It was over ten years ago that I first started working on my Johnny Graphic stories. And since Day One, I’ve tried to populate them with ghosts that readers would find interesting and endearing. Though it took me a little while to figure out exactly how to do this, I knew I wanted my wraiths and specters to be out of the ordinary. I wanted them to touch real life in a way most fictional ghosts cannot. To steal an observation from one of my Amazon reviewers, I wanted to do for ghosts what Isaac Asimov did for robots: Make a set of consistent rules for how ghosts “lived” their lives. There are three key points.
• Ghosts may exercise their free will by serving living humans and—thus endowed by living effectuators—assume a degree of corporeality to perform the tasks requested of them in our material universe.
• Ghosts who are engaged in corporeal activity that may harm living humans or animals are subject to the same injuries as the living—though they cannot be killed a second time.
• Ghosts are free at any time to withdraw from their arrangement with living humans, but thereby lose the benefits of corporeality.
After a break of three or so years, I launched into the third Johnny book and am now about halfway through the first draft. And I’m having a great time working with my ghost characters—both regulars and new additions. In the first book Johnny and his sister are given a drawing of their missing parents, showing them being guarded by two giant ghost wolves. In the third book those two huge ice wolves take part in the action. It so happens they’re a bit inscrutable, but they’re definitely good guys at heart. I haven’t decided yet if they’re going from Okkatek Island to Zenith with Johnny and the others. (You become fond of so many characters, it’s tempting to continue their stories. But there’s never enough room to do so.)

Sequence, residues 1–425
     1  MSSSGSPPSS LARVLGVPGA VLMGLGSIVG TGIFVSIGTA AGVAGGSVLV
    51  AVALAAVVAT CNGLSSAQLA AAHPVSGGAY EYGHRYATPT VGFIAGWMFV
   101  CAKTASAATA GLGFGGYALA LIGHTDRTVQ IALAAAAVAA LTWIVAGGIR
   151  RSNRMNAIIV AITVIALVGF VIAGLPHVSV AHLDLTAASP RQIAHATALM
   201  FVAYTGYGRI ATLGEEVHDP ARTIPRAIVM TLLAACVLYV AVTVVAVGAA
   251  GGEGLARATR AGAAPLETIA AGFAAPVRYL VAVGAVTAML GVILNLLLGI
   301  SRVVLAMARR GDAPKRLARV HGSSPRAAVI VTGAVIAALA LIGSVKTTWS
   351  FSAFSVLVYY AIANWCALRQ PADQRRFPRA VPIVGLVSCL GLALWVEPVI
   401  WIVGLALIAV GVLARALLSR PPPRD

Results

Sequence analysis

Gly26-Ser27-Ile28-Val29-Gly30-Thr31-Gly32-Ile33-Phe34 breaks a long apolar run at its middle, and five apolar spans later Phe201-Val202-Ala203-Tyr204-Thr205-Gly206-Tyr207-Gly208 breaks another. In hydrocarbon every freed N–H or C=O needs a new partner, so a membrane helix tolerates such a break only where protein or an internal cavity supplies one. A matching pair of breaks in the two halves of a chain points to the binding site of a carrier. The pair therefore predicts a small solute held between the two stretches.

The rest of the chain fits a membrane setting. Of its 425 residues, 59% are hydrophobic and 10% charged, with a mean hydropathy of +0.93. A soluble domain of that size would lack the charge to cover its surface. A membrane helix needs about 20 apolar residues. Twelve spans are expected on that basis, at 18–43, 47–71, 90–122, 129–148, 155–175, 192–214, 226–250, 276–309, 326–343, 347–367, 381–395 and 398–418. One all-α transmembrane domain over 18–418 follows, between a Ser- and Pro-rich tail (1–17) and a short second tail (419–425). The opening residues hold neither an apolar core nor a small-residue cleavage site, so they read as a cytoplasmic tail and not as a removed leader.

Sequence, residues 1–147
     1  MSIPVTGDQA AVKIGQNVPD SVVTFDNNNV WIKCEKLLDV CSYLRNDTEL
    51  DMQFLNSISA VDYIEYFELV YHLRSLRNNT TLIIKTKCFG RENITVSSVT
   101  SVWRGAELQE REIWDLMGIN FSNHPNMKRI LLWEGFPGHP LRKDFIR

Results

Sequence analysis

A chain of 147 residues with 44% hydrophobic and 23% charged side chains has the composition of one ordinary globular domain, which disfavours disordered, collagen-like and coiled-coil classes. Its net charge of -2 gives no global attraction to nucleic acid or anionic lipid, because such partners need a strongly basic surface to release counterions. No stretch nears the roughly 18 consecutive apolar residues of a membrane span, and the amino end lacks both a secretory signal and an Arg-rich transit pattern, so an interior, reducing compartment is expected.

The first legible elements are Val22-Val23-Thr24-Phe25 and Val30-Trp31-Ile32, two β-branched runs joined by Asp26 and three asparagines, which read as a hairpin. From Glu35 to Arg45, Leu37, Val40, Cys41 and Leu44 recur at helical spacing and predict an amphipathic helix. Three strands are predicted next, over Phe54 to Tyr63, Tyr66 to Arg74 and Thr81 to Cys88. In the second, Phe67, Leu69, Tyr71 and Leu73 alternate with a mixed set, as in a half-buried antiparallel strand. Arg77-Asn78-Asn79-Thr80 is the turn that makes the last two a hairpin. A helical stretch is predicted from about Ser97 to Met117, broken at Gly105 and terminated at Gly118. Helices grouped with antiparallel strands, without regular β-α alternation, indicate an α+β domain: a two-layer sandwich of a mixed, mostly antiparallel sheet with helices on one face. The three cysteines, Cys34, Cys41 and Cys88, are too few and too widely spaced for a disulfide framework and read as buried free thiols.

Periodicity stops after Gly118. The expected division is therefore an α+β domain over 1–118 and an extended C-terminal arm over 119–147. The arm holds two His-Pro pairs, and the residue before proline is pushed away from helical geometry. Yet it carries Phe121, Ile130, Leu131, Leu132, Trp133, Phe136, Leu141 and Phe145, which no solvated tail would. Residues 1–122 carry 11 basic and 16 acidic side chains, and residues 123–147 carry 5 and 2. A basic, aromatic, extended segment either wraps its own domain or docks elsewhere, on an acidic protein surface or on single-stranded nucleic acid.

Another ghost whose name cropped up in the second book needed to be made into a real character. He was an ancient shaman who had some association with the villain of my story. Indeed, he may have been some kind of co-conspirator. But to my surprise, when he finally appeared in the “flesh,” he wasn’t exactly what my hero, or I the author, expected. It’s a fine thing when characters surprise their creators: “No, sir, I am not like that. I am like this.” More often than not, your characters know more than you do.
Of course, my two favorite ghost characters in the series both have big roles in the final book.
I knew from the moment I invented him that Colonel Horace MacFarlane would be a central character—as the senior officer of the First Zenith Cavalry Brigade. And he’s the sort of stalwart, honest, reliable ghost you’d want on your side. An honorable military man.
The little girl ghost Bao surprised me, morphing into a key character. In fact, she has one of the few POV roles in the series—there are chapters in all three books written from her point of view. Being a child, albeit a child a thousand years old, means she is constantly learning, constantly providing a fresh outlook. She was without a family for a millennium, and now that she has one again she aims to make the most of it. And in both the first and last book her actions are vital to advancing the plots.
When I wrap up the Johnny Graphic Adventures, one of the things I need to do is deal with the fate of the ghosts. I intend to give them the option of real, final, irrevocable death—which many ghosts have long desired. But it’s going to be painful to say goodbye to some of these characters. I’m hoping that a few decide to stay with Johnny and Mel and Nina and Dame Honoria until the end.